AES: Many of your people that we interviewed at Jabor and Emidj, notably the elders, speak of the brutality of the Japanese against your people during the war years. They described how for the theft of a coconut, a head was severed . . . how Emidj became the execution center for both Allied prisoners of war, and the local population. Can you comment on this tragic chapter in your country’s history?
REIMERS: Remember, Mr. Bill, I called Likiep Atoll my home during the war period, but I was conscripted by the Japanese military to continue my supply lines of materials to their many island bases. And some of my travels took me back to Jabor. Emidj was very secretive, but the stories you hear today from the elders ring true. I must add that towards the end of the war, when things were going badly for the Japanese, my people feared for their lives, and fled to unoccupied islands to escape what they expected as mass slaughter for those who stayed. These times were very bad for the Marshallese . . . the elders remember as I do.
AES: In July of 1937, Amelia Earhart and her navigator disappeared, and the Western world did not hear from them again. Can you help me, and her family, with any information you may have regarding the possibility of her being down in your islands?
REIMERS: It was widely known throughout the Islands by both Japanese and Marshallese that a Japanese fishing boat first found them and their airplane near Mili. They then transferred them to a bigger boat. They were brought to Jabor, where Bilimon [Amaron] treated them. Oscar deBrum, and the Carl Heine family (including the boys), were living there and knew of this. They were then taken to Kwajalein and from there to Truk and then Saipan. There was no mystery . . . everybody knew it!
AES: But Mr. Reimers, the Japanese strongly denied seeing the two American aviators. They even sent airplanes and ships out to search for her. How can this be?
REIMERS: Even in 1937, an intrusion in these islands was a very serious offense. And in the case of Earhart, a woman pilot, great cover and secrecy was placed upon them by the Japanese. But, of course, these are our islands. And my people — even in their fear — proved very resourceful knowing about such things.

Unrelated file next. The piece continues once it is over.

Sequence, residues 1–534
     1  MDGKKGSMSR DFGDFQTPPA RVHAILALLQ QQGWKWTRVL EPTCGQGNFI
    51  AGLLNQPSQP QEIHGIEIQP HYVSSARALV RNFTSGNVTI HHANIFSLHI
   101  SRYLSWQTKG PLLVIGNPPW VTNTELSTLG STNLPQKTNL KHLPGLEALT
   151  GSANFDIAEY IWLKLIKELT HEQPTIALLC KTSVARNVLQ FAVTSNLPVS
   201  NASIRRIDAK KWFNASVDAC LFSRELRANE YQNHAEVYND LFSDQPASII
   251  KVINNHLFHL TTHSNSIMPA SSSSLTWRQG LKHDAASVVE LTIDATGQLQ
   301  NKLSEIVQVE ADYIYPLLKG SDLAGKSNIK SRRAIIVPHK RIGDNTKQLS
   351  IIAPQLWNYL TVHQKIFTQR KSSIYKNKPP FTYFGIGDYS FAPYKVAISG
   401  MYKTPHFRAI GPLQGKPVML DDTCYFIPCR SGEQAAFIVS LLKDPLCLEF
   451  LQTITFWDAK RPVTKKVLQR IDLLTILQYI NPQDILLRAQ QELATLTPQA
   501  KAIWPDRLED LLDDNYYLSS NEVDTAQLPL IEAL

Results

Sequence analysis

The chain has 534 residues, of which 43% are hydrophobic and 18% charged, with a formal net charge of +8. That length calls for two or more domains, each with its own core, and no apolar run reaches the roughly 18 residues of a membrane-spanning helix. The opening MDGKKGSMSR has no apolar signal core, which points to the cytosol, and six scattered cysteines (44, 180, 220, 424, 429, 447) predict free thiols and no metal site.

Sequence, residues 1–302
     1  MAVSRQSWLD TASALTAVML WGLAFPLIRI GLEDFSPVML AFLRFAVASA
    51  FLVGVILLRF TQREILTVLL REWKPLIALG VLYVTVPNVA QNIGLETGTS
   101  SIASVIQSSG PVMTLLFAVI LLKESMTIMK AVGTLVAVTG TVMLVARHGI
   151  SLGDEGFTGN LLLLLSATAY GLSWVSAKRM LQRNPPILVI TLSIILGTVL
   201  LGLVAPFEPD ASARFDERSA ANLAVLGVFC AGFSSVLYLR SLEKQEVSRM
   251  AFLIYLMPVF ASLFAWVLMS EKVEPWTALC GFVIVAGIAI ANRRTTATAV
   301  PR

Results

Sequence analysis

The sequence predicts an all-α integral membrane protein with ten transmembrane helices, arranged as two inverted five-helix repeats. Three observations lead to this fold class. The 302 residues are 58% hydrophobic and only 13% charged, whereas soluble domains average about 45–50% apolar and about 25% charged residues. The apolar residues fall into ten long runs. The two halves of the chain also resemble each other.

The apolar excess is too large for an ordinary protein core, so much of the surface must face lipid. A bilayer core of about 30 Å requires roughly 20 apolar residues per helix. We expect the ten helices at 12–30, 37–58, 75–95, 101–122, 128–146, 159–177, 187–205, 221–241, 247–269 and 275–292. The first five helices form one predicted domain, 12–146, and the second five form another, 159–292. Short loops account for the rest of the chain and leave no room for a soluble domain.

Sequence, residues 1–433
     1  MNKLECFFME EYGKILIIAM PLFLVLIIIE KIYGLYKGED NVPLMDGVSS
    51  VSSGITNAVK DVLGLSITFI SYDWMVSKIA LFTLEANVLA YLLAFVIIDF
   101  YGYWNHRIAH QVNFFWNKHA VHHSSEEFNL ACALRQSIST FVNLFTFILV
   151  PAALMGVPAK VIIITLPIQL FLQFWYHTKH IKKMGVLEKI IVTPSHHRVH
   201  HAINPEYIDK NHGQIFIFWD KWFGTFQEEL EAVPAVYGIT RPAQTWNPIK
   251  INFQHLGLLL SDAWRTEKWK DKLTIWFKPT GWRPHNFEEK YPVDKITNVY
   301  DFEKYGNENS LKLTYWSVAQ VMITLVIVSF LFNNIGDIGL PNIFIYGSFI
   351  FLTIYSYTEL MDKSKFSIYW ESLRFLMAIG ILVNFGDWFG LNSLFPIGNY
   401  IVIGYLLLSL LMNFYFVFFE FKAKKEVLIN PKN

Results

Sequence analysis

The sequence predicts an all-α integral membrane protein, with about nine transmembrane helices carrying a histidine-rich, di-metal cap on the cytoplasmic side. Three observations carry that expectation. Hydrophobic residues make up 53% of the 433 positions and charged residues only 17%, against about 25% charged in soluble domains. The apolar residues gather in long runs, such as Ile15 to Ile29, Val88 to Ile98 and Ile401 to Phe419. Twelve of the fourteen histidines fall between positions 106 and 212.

AES: Did you personally know Bilimon [Amaron], and the Heine family?
REIMERS: I knew Bilimon very well, and rest easy if you worry about his story of treating the two Americans. You will never find a more honest man. You know, of course, he died last year. He was a good man. And the Heine family . . . John and Dwight’s parents were executed during the war. I grew up with them, and they were the finest missionary people I had ever met. John and Dwight knew about the Americans, but would never talk much.
AES: Researchers like Joe Gervais, sitting across the aisle, have visited your islands several times. Even as far back as 1960, he made several trips to SAIPAN where he met the same curtain of silence. Do the natives not care, or are they still fearful of the Japanese?
REIMERS: It is difficult for Americans to understand the fright and fear of my people during the war. At any moment the Japanese could come smashing into your house and take away any possession you may have, and then march you off to prison — or even worse. After the war, these fears did not die easily. There are some old timers who still think the Japanese might come back. It would not be wise to discuss things deemed secret during the great war. People saw so much killing, they may say, “Why the big fuss over one lady flyer? We saw thousands die!”
AES: Ah, but Amelia was special to the American people.
I could hear the 727’s engines power back for descent, and Mr. Reimers’ eyes told me the interview was concluded. After expressing my deepest gratitude, I wished him well, and told him our group would come back again to his Islands.
“Don’t forget,” he chided with a parting smile, “call me, and I’ll find the right boat you. Maybe one of mine will do the job. Good Luck! Find your Amelia.”
POSTMORTEM THOUGHTS: Three hours with Mr. Reimers certainly taught me a great deal more about the man and his country than the above highlights reveal. Here was a man of intense pride, unquestioned integrity, and now in his mid-eighties, a very private person. I kept imagining what it would be like, to be at his side in the mid-thirties, sailing with his men and boats between the islands, dealing with the Japanese as they prepared for their inevitable confrontation with America. Couldn’t we magically just once turn that clock back, only for a day, to be with Bilimon that summer morning in Jabor, 1937, and truly see the cast of characters that played out that historic event? Oh, my kingdom for a camera, and all I ask for is only one photograph. (End of Prymak article.)
Robert Reimers died on Sept. 27, 1998; his wife Lupe followed on July 23, 2000. They are survived by seven children: Richard (Kietel), Francis (Teruo), Vincent, Ramsey, Minna, Ronnie and Reico; and hundreds of grand-, greatgrand and great-greatgrandchildren. For more information on the life of Robert Reimers, please click here.